From time to time, information technology (IT) professional services company Computer Sciences (NYSE:CSC) will come out with megaheadlines. There was a recent $628 million deal with the Air Force, for example. And yesterday the company announced a whopping $3.73 billion deal for Britain's National Health Service. But investors yawned, sending the stock price up a mere 2% to $49.10. There is good reason for this; simply put, the growth for CSC is also likely to inch along.

The company got its start in 1958, when there were only about 4,000 computers worldwide. However, management realized there would be huge demand for software applications.

Over the years, CSC has developed IT systems for the U.S. Atomic Energy Commission, the Internal Revenue Service, the Federal Aviation Administration, and NASA. There were also billion-dollar contracts with General Dynamics (NYSE:GD) and DuPont (NYSE:DD).

However, this is basically a slow-growth company. In the prior earnings report, management forecast revenue growth of just 2% to 3% for the full year and earnings are expected to range from $3.71 to $3.81 per share.

No doubt, the National Health Service contract is a big win in which CSC will help build a sophisticated patient record system. Interestingly enough, it is taking over this project from Accenture (NYSE:ACN), which suffered from delays and cost problems (the project is already two years behind schedule).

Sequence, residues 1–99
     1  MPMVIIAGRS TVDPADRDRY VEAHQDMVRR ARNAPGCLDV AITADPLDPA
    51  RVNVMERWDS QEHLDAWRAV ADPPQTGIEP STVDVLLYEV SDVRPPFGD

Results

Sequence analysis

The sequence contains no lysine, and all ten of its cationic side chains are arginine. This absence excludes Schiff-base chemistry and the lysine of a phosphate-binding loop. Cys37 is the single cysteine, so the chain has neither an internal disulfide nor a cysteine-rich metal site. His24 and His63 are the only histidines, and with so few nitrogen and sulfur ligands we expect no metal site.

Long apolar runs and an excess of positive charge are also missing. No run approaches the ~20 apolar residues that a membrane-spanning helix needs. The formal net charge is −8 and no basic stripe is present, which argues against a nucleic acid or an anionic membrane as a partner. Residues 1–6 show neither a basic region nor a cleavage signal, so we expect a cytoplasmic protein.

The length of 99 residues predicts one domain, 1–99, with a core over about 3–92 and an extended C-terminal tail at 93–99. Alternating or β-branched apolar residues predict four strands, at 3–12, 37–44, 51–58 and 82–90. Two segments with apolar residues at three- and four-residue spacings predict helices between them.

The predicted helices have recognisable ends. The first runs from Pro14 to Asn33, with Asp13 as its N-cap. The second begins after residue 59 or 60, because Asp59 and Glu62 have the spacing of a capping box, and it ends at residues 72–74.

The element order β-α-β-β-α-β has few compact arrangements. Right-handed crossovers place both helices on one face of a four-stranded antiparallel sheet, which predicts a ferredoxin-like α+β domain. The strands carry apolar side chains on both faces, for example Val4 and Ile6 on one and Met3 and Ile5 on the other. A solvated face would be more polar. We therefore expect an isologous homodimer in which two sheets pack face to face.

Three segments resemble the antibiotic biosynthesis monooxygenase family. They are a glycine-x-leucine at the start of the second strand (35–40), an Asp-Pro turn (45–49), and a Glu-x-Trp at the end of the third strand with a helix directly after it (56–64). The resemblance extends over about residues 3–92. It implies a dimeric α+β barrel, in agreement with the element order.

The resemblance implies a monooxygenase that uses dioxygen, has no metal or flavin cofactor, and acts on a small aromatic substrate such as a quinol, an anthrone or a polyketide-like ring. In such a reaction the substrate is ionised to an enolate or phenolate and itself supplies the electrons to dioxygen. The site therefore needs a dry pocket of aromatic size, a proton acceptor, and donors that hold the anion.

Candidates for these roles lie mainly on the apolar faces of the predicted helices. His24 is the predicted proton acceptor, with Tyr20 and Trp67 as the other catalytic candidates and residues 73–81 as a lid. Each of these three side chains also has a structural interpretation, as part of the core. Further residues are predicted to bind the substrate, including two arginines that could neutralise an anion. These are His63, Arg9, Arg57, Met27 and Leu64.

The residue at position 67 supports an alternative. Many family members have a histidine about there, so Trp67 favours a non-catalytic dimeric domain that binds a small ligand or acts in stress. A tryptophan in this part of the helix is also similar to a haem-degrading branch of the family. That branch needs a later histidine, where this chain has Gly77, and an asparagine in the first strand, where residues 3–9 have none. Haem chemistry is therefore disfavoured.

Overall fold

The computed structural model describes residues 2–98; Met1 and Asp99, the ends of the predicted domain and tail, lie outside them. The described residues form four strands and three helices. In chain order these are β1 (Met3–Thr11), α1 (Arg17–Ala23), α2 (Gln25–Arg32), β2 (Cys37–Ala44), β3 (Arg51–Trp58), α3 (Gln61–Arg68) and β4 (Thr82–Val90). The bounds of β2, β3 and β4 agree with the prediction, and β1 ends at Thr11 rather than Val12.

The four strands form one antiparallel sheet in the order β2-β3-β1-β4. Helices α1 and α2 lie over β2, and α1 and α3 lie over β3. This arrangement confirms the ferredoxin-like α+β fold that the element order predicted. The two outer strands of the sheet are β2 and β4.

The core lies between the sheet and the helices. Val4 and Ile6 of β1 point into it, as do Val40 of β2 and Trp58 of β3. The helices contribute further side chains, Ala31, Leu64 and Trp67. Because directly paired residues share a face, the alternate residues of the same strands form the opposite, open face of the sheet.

In other words, there is definitely risk with these mega contracts for IT companies. And though the dollar signs may be big, most of these contracts are long-term. In the case of the National Health Service contract, the term is nine years -- so the revenues will be spread over time.

While CSC has a great track record, there are certainly risks. In fact, as IT consulting companies outsource overseas, the risks may grow even higher, especially in terms of controlling quality. So, given the slow growth of CSC -- and the difficulty of landing megacontracts -- it's hard to find the company's stock attractive.

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Fool contributor Tom Taulli does not own shares mentioned in this article. The Fool has a disclosure policy.